We had the same weather last week as we did the previous week until Thursday. It had rained and we got a scant covering of snow on Wednesday and we awoke Friday morning to find that Jack Frost had visited us during the night. Since I hadn’t covered any flowers except the geraniums in the big kettle on the front lawn, he killed the annuals in the flower beds. I didn’t mind however, because now I could clean them up before winter.
I dug the geraniums up on Friday plan to plant them in my window box and keep them inside all winter. Did you know that one can put vinegar in the water you use to water them? My mom always did that and they bloomed all winter. I do that too and greatly enjoy its bright blossoms when the outdoor color scheme is pure white except for some of the birds that visit us on our back porch.
Speaking of birds, because the price of black sunflower seeds has more than doubled this year, we haven’t fed them the past couple months except for the suet cakes and the humming bird feeder. The latter is still hanging for the birds that stop by for more “fuel” as they migrate. But I haven’t seen any recently so I thing it’s time to take it down. We purchased several 50 pounds bags of seeds when the Farmer’s Mill had it on sale in August and will start feeding all the birds again when winter really comes for I wouldn’t miss them for anything when the new season arrives.
Speaking of birds, the Northern Flicker, which is classed as a woodpecker though it is least like them, is one I don’t see real often. An article in the November – December Bird Watcher’s Digest, written by Stephen Shunk, it is “the clown of woodpeckers” and he calls it “flicker.”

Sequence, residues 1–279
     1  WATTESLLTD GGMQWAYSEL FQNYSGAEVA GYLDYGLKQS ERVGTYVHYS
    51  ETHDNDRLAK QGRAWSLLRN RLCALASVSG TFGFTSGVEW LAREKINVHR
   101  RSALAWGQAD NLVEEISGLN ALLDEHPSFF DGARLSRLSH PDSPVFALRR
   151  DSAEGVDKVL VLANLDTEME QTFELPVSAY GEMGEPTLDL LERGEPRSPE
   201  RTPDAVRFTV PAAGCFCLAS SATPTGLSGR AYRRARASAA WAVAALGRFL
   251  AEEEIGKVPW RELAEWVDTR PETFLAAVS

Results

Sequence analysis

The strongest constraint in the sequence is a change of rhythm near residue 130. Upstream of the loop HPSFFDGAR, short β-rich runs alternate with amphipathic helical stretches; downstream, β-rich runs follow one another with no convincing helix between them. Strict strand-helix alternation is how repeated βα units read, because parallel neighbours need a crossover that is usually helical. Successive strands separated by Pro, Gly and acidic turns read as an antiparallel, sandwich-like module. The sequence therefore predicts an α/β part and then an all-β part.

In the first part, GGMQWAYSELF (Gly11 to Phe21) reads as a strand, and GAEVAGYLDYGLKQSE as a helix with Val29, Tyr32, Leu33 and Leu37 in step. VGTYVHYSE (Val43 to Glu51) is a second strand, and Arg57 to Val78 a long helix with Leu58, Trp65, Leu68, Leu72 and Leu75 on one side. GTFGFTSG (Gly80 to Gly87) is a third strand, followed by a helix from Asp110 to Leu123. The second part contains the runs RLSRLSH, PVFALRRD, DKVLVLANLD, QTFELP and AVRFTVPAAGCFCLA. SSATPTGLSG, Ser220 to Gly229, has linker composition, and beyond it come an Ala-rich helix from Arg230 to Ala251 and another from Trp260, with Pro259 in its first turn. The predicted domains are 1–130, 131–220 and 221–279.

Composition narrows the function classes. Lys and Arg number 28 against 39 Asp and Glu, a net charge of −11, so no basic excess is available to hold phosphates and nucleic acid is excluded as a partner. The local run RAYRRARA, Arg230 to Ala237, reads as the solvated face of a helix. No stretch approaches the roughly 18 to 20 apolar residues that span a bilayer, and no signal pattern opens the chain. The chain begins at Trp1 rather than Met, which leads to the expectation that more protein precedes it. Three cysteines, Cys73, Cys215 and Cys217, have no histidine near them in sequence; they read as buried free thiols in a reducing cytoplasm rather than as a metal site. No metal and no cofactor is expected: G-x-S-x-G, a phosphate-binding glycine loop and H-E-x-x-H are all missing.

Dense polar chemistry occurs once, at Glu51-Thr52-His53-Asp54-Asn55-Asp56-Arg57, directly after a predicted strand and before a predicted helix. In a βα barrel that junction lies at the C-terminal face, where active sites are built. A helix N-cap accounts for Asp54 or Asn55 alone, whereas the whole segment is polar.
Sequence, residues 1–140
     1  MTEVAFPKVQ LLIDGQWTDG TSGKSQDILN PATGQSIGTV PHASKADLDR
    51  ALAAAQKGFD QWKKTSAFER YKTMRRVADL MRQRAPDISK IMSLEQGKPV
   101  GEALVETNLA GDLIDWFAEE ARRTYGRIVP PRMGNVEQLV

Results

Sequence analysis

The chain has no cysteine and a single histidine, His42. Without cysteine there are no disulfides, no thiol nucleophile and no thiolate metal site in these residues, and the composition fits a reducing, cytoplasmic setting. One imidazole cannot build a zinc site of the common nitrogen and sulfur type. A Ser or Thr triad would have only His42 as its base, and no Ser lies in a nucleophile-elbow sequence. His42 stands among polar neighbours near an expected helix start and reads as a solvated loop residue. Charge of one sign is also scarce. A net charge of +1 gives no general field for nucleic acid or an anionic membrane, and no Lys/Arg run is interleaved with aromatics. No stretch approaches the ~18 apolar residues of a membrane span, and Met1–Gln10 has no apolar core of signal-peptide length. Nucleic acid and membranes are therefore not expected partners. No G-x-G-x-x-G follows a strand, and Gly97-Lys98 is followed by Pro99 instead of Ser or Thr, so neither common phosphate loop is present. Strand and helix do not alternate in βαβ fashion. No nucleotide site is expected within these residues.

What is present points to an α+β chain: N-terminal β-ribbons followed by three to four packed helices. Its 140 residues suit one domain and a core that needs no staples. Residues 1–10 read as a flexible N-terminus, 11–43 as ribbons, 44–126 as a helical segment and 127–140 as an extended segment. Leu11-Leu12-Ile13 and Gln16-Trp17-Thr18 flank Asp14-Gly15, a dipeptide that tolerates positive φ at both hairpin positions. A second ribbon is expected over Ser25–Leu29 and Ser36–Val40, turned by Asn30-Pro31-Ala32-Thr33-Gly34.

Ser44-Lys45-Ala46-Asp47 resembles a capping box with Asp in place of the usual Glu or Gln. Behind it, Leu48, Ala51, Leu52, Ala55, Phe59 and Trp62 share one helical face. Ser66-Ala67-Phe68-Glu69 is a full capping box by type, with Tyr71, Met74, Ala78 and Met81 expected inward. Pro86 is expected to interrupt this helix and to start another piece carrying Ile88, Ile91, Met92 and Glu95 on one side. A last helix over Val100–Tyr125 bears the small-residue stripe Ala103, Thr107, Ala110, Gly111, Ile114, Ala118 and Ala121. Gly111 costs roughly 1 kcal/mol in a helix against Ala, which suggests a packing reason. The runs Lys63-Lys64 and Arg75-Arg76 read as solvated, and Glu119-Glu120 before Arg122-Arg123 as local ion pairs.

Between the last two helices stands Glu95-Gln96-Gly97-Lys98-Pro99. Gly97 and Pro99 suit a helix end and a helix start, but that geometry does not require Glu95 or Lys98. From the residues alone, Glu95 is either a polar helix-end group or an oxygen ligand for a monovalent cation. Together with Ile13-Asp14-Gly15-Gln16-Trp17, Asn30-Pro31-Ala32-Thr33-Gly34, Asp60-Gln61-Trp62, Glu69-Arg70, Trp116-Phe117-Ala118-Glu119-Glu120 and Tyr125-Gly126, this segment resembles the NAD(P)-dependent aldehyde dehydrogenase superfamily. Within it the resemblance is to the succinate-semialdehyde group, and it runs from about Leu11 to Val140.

A flicker is not like its tree-climbing cousins because it spends most of its time on the ground. It probes with its bill into underground tunnels that hide its favorite food, which is ants, Shunk says. He also relates, “Flickers eat more ants than any other bird in North America, and they are handily equipped to so.” Shunk gives a lot of detail about how the woodpecker tongue is designed and that, “it is one of the most amazing adaptations in the animal world and a flicker’s tongue defies imagination.” Its sandpaper-like tongue enters the ant burrow many time per second, and when it does it gets saliva on at and ants can’t overcome it. According to the, “Stokes Field Guide To Birds,” flickers are in our area in winter, but I have only seen them in warmer weather. Perhaps they are in the woods during colder weather though I wouldn’t think they’d find any ants there.
Shunk gives still more information in his article about the flicker and the full article can be found in the aforesaid Bird Watcher Digest at P. O. Box 110, Marietta Ohio 45750 or email email@example.com or in a store or library.